It’s because of these nuggets of wisdom that I believe Sue Klebold’s memoir is an invaluable contribution to our understanding of mental illness and a much-needed call to action. Sue writes:

“We teach our kids the importance of good dental care, proper nutrition, and financial responsibility. How many of us teach our children to monitor their own brain health, or know how to do it ourselves?”

“…we want to believe that parents create criminals because in supposing that, we reassure ourselves that in our own house, where we are not doing such wrong things, we do not risk this calamity.”

And this:

“I think often of watching Dylan do origami….he’d only have to see a complicated pattern once to be able to duplicate it…..

Origami is not magic. Even the most complex pattern is knowable, something that can be mapped and understood. So it is, too, with brain illness and violence, and this mapping is the work we must now do. Depression and other types of brain disorders do not strip someone of a moral compass, and yet these are potentially life-threatening diseases that can impair judgment and distort a person’s sense of reality. We must turn our attention to researching and raising awareness about these diseases – and to dispelling the myths and raising awareness about these diseases – and to dispelling the myths that prevent us from helping those who most need it. We must do so, not only for the sake of the afflicted, but also for the innocents who will continue to register as their casualties if we do not.”    (The boldface type is mine.)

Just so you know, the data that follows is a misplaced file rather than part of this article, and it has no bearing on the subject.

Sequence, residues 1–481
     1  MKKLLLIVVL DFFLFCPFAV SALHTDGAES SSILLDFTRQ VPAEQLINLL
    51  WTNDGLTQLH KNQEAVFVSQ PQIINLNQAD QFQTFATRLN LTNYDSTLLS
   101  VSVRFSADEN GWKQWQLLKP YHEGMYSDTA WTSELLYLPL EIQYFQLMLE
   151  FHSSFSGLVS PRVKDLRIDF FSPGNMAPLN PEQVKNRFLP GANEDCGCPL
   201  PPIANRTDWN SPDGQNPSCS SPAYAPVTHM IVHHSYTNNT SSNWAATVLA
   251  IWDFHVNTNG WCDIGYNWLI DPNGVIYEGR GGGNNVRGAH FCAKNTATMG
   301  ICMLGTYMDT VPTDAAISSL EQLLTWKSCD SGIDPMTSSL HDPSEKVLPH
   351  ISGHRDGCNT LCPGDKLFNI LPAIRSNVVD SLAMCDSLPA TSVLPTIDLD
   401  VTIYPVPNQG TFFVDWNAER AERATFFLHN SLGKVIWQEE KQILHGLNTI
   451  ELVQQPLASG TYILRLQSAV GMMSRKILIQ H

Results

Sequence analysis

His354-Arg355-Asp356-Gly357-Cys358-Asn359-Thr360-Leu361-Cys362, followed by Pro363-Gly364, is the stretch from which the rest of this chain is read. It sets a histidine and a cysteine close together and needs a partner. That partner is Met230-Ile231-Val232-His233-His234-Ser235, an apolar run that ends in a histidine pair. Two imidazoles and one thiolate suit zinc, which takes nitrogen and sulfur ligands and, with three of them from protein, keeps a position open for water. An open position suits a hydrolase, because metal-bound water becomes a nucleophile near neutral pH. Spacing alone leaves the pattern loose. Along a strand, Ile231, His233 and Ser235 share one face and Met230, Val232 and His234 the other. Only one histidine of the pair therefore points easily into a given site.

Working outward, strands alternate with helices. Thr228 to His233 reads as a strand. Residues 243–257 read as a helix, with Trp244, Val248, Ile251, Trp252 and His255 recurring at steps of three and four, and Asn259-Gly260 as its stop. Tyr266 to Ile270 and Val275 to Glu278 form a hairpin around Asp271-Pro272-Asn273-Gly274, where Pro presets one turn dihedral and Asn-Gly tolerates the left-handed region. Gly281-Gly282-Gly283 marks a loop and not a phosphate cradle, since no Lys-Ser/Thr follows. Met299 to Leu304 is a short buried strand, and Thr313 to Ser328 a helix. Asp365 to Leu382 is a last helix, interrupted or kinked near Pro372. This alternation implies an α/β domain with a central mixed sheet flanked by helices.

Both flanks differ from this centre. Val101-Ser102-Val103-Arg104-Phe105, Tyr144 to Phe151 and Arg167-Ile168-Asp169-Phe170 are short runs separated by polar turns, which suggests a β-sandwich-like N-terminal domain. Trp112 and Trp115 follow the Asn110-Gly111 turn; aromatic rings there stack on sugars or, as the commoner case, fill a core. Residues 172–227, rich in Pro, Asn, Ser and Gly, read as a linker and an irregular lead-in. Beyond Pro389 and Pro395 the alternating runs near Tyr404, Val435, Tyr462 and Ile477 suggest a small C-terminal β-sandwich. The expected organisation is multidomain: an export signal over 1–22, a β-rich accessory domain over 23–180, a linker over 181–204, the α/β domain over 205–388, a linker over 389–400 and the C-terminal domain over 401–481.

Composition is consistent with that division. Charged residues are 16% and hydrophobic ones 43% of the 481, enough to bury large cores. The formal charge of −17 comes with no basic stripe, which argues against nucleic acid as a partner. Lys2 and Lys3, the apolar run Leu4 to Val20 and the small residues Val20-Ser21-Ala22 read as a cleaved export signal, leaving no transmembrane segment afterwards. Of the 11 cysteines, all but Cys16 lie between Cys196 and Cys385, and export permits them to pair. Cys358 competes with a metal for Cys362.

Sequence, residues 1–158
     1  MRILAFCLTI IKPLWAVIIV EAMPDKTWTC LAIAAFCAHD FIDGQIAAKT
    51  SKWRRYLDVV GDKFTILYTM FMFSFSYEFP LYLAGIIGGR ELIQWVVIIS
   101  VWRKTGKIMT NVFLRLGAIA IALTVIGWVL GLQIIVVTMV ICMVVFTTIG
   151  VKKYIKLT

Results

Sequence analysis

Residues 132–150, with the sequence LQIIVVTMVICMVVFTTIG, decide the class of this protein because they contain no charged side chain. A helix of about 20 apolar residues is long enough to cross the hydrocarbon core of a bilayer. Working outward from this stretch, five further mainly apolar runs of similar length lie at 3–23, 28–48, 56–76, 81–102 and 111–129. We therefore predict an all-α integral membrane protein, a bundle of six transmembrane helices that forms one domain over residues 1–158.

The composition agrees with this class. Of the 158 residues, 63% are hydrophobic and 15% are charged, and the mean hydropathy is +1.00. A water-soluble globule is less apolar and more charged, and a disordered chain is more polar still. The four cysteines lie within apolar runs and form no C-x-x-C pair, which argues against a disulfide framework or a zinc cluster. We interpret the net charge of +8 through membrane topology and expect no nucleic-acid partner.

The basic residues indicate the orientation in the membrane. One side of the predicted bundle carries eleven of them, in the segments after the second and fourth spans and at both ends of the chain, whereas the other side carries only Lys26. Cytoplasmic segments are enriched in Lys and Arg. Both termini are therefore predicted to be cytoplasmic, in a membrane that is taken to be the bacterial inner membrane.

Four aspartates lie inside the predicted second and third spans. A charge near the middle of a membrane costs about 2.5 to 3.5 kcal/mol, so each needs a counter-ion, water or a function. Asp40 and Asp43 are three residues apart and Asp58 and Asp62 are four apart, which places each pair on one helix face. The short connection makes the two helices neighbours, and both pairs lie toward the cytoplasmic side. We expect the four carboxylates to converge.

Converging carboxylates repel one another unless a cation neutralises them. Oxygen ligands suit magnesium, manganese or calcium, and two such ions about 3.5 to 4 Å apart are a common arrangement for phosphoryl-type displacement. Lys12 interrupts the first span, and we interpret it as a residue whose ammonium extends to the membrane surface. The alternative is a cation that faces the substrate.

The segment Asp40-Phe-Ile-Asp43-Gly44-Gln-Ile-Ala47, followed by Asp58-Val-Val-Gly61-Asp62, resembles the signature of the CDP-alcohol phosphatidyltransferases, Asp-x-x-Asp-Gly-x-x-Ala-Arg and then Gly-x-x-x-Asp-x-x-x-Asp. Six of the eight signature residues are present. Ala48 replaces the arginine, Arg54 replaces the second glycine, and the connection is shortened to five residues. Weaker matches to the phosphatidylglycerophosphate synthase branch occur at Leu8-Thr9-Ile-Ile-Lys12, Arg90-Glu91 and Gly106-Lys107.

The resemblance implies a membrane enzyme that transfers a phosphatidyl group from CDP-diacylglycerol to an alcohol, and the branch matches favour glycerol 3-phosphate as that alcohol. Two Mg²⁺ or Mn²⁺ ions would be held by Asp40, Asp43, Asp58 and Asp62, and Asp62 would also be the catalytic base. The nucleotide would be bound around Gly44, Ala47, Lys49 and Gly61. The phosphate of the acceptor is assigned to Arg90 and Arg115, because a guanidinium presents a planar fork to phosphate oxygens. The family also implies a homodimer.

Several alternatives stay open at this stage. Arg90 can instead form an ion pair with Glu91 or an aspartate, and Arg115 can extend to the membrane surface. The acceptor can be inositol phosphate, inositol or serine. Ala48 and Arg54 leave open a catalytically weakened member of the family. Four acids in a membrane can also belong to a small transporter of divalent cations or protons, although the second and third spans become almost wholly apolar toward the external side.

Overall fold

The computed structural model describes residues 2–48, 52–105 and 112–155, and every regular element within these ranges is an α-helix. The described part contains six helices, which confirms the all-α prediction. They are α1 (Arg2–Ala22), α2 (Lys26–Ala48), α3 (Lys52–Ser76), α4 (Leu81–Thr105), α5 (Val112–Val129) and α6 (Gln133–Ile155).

Since Columbine, Sue Klebold and her husband have received an outpouring of support but, of course, vilification and death threats as well. There has been bankruptcy from lawsuits and legal defense. Sue and Tom Klebold divorced recently, although they remain friends and close in their support of their remaining son, Byron.

I found it heartbreaking that Sue repeats the same sentiment over and over in different words throughout the memoir, as if she can never apologize enough or alleviate her shame and guilt:

“A day does not pass that I do not feel a sense of overwhelming guilt – both for the myriad ways I failed Dylan and for the destruction he left in his wake….” 

She goes on to say: